If you want to feel alone, attend a funeral with your widowed father. The husband is in a care home and he has virtually no family, except his children. They didn’t know the deceased, my 100-year-old Great-Aunt Edna, anyway. Cousins your age are accompanied by their grown children, talking about an upcoming wedding, to which you have not been invited.
You look up at the front row and see Virginia, 92-year-old sister of the deceased. She is wearing a neck brace and hiding feeding tubes under her clothes, reminders of a near-fatal fall a few months ago. As everyone visits after the formal rites, there are times when she sits there alone. I hasten to keep her company. Virginia never married nor had children. Her sister Edna was widowed for 44 years, and she never had children either. They were each other’s partners in life.
The priest, Father “Jo-Jo”, says Edna, though childless, adopted her husband’s family, became the matriarch, etc. That’s true, but still the church is troublingly empty. You know that this 100-year-old woman, who outlived most of her friends, could have had children, grandchildren, great-grandchildren and maybe even great-great grandchildren who would have filled the sanctuary with their own spouses and children. But no. So many seats are empty.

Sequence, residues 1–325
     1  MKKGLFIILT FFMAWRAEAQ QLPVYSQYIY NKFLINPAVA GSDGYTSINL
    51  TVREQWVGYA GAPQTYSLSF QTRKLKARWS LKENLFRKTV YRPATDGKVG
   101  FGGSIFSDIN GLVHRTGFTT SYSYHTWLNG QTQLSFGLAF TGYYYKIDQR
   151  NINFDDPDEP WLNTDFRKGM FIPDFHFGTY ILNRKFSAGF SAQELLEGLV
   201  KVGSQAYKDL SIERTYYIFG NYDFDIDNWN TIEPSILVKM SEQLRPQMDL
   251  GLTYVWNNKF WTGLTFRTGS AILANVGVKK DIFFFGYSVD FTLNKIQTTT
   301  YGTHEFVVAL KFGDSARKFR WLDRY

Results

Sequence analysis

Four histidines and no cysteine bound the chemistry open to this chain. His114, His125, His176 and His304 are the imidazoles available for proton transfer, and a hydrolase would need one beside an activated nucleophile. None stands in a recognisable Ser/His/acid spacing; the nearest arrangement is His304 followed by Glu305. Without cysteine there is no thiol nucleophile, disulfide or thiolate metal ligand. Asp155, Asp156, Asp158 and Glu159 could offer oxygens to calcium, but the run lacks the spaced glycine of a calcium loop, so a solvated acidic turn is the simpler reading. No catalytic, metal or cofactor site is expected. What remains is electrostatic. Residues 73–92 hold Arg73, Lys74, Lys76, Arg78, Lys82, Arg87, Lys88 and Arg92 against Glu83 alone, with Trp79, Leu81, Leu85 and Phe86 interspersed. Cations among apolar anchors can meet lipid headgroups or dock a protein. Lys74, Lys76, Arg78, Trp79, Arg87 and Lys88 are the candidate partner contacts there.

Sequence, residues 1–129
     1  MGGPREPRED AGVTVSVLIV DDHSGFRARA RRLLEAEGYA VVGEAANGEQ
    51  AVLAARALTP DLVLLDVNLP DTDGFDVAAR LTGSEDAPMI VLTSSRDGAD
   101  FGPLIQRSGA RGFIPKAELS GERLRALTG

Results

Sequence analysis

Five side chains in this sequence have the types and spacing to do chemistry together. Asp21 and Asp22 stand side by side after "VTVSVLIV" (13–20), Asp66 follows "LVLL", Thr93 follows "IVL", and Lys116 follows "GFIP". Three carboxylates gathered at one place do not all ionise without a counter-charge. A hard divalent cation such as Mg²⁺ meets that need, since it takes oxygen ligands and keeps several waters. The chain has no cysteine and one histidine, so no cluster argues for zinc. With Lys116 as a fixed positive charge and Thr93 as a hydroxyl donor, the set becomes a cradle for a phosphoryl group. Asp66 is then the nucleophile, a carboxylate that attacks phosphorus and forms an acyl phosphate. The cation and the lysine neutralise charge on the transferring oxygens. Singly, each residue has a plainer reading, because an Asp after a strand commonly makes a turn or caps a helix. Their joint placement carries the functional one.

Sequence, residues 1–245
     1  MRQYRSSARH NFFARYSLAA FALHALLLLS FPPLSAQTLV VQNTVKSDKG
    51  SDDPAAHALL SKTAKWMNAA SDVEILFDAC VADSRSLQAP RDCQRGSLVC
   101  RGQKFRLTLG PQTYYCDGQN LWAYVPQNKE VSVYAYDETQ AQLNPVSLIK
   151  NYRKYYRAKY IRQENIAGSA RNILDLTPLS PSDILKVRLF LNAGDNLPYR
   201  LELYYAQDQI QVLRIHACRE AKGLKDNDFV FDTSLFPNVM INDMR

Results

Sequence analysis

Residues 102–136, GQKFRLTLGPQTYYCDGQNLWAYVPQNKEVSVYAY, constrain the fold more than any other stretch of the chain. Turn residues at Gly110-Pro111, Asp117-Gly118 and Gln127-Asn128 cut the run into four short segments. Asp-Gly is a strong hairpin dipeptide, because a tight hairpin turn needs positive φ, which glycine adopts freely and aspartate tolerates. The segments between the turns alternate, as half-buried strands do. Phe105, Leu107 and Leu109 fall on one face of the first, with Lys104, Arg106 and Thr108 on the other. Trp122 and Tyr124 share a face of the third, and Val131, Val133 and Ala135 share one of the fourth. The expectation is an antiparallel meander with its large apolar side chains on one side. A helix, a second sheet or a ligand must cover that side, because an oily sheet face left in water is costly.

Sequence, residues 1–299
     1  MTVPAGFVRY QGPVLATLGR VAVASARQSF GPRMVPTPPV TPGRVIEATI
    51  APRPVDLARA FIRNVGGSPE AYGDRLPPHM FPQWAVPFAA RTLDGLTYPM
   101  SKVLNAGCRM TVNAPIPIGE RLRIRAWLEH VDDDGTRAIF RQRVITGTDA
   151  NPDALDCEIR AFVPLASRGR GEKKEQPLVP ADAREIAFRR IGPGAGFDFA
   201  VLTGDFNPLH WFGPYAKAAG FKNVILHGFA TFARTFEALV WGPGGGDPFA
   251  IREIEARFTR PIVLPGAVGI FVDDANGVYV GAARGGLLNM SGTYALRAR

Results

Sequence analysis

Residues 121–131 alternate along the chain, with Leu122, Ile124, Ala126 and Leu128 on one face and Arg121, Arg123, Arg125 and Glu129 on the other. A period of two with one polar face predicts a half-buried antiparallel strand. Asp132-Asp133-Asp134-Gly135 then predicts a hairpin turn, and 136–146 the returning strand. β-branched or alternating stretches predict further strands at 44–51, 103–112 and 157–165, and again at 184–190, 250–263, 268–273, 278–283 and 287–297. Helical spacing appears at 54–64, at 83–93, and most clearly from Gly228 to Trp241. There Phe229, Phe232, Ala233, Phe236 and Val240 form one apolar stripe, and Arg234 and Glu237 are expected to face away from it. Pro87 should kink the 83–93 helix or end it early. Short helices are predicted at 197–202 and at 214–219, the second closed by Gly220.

In contrast, the priest at my mother’s memorial service kept referring to her as Mother Elaine. At least with Aunt Edna, he spoke at length about the things she had done, her volunteer work and her travels, her full life. But Mom had more people.
I can see the generations slicing off. We’re coming closer to mine all the time. I have one niece and nephew to whom I feel close and a bunch of cousins I’m starting to talk to on Facebook. I do have good friends, but sometimes I feel awfully alone. When I commented that I would be alone when I was old and dying, my remaining aunt-by-marriage grabbed my arm and fiercely insisted that that was not true, that people care. Yes, but they die and they get busy. If I’m still living in Oregon, we’d better reserve the little chapel.
If my husband was around, it would be different, wouldn’t it? And didn’t I trade it all for him? It’s a gamble we women who are childless by marriage take.
The most comfortable moment of the trip: the day after the funeral, sitting on the ground in the sun next to the grave where the workmen had tossed the pink bouquets over a layer of gravel in the not-quite-filled opening. I could finally breathe. And I didn’t feel so damned alone.